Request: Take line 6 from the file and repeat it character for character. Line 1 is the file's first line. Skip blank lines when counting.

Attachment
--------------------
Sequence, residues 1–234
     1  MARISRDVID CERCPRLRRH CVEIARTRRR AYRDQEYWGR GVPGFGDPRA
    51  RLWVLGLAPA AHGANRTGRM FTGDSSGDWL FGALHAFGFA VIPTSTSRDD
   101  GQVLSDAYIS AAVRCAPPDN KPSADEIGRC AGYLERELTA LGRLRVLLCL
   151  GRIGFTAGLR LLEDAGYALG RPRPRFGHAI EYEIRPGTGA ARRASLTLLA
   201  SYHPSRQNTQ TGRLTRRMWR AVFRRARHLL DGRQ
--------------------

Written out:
   201  SYHPSRQNTQ TGRLTRRMWR AVFRRARHLL DGRQ